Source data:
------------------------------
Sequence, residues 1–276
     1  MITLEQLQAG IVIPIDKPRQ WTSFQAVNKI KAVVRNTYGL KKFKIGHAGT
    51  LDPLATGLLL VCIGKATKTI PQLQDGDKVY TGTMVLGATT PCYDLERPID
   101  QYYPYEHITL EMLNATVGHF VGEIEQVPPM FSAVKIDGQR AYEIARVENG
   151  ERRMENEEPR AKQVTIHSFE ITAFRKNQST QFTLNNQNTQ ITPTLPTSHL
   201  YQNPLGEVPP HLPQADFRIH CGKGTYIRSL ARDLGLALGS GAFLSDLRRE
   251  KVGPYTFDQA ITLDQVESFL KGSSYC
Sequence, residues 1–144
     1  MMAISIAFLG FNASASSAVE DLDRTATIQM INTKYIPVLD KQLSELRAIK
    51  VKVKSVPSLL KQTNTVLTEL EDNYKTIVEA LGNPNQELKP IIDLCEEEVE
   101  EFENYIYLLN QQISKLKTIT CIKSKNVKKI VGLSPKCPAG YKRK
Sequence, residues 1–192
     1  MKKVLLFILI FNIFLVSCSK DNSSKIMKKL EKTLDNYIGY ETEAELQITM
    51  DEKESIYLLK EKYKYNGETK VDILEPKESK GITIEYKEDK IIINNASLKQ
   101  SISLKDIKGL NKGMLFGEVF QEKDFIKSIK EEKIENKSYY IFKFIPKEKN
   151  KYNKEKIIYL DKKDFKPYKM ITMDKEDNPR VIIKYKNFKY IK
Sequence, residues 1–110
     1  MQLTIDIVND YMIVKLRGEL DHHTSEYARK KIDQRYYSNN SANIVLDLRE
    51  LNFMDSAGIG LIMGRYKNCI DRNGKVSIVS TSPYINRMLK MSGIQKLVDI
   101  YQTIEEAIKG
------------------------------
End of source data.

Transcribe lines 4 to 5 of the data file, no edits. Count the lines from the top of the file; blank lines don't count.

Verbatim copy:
   101  QYYPYEHITL EMLNATVGHF VGEIEQVPPM FSAVKIDGQR AYEIARVENG
   151  ERRMENEEPR AKQVTIHSFE ITAFRKNQST QFTLNNQNTQ ITPTLPTSHL